Wednesday, August 18, 2010

Training in Kutaisi

The bus ride back from Batumi was fairly uneventful, just absurdly humid on the inside. It was dark so we really couldn't see where we were going and I was also nodding off the entire trip. We got to our destination in Kutaisi at around midnight and the place resembled a college dorm.

Kutaisi was the location where all the cars were put together in the Soviet Union. Since the collapse, it's fallen into total destruction; hence me calling it the Detroit of Georgia (international sister city; Columbus, OH... don't know if that's a good thing or a bad thing). Unemployement is high and there are tons of abandoned industrial buildings.

All the guys stay on the third floor with the women on the fourth floor, while all the training sessions are on the second floor, and the cafeteria is on the first floor. This building is in probably the most depressing area of Georgia. I haven't even seen much of Georgia, but this place resembles a post-Soviet wasteland. Farm animals everywhere even though it's an urban environment (I've seen a giant pig, many cows, roosters/chickens, and tons of stray dogs), concrete tenements that look like they have zero electricity, trash everywhere and nothing green (everything is concrete). This place is like a set for a Renny Harlin movie.

The livestock aspect along with the typical look of the Georgian people (somewhat dark and the men have heaps of body hair), really brings to mind Borat and Kazakhstan. But I have yet to meet anyone who hasn't been friendly or helpful during one of my morning runs (I've been jogging in the morning in order to see some of Georgia while also to make sure I don't blow up like a tic) I helped a guy restart his car that stalled; I felt just a little bit assimilated right then. Also, when you run in Georgia, people stare at you like you're crazy (as our program instructor Nino said, Georgians only run when they have a reason).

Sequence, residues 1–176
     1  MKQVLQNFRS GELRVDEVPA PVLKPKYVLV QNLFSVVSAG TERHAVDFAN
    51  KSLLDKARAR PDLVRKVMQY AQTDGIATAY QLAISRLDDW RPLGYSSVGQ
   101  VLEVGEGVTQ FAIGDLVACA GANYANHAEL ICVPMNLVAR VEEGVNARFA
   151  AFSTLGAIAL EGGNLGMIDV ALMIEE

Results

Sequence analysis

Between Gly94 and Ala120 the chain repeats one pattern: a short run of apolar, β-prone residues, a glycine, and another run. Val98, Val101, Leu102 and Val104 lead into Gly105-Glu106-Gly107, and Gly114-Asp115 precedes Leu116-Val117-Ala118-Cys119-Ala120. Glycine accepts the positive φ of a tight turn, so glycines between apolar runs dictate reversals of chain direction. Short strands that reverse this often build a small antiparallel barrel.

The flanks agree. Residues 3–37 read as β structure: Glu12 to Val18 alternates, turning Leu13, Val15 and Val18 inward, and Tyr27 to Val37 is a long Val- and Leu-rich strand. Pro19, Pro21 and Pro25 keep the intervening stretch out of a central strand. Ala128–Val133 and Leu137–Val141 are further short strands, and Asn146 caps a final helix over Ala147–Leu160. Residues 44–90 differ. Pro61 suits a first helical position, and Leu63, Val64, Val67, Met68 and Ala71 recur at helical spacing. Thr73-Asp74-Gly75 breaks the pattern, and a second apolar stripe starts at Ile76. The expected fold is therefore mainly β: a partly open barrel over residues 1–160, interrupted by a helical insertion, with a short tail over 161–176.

The overall orientation has been pretty boring. We've been getting a crash course in Georgian for three hours a day, and it's pretty interesting considering they have a completely different alphabet than us. I don't do well with foreign languages, and cramming a ton of it into seven days probably won't help, but I feel like I'm making a bit of progress. The other stuff is similar to the TEFL course I already took, but it's taught by Georgians and is crammed into much smaller spaces. Orientation kind of sucks.

But it will be over on Sunday and I think I find out where I'll be placed tomorrow. In the meantime, we did get to visit an ancient monastery this evening and I hope to go check out the actual older part of town sometime this week (we drove through it this evening on the way to the monastery and it seems somewhat interesting).

It really is quite beautiful when you get out of our neighborhood...

Nakhvamdis (Goodbye in Georgian)

(Picture: The caged bear on the grounds of the restaurant we ate at on the first day... he looked bored, but it didn't fool me)

1 comment:

  1. Maybe you can finally sell the Crappy....sounds like willing customers....